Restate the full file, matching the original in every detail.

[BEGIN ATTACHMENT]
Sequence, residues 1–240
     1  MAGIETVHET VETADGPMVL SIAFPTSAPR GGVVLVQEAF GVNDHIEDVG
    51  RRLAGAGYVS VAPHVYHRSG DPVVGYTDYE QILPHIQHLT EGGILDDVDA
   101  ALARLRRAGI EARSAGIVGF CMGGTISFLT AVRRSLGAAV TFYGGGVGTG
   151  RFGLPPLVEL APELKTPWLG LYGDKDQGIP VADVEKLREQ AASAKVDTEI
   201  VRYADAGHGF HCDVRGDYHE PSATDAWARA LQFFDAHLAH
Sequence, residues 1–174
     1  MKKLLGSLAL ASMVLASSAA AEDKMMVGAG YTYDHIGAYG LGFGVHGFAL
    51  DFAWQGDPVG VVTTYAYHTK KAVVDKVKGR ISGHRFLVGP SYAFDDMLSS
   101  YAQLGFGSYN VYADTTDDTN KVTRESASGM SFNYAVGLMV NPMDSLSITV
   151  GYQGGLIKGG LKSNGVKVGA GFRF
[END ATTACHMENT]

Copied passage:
Sequence, residues 1–240
     1  MAGIETVHET VETADGPMVL SIAFPTSAPR GGVVLVQEAF GVNDHIEDVG
    51  RRLAGAGYVS VAPHVYHRSG DPVVGYTDYE QILPHIQHLT EGGILDDVDA
   101  ALARLRRAGI EARSAGIVGF CMGGTISFLT AVRRSLGAAV TFYGGGVGTG
   151  RFGLPPLVEL APELKTPWLG LYGDKDQGIP VADVEKLREQ AASAKVDTEI
   201  VRYADAGHGF HCDVRGDYHE PSATDAWARA LQFFDAHLAH
Sequence, residues 1–174
     1  MKKLLGSLAL ASMVLASSAA AEDKMMVGAG YTYDHIGAYG LGFGVHGFAL
    51  DFAWQGDPVG VVTTYAYHTK KAVVDKVKGR ISGHRFLVGP SYAFDDMLSS
   101  YAQLGFGSYN VYADTTDDTN KVTRESASGM SFNYAVGLMV NPMDSLSITV
   151  GYQGGLIKGG LKSNGVKVGA GFRF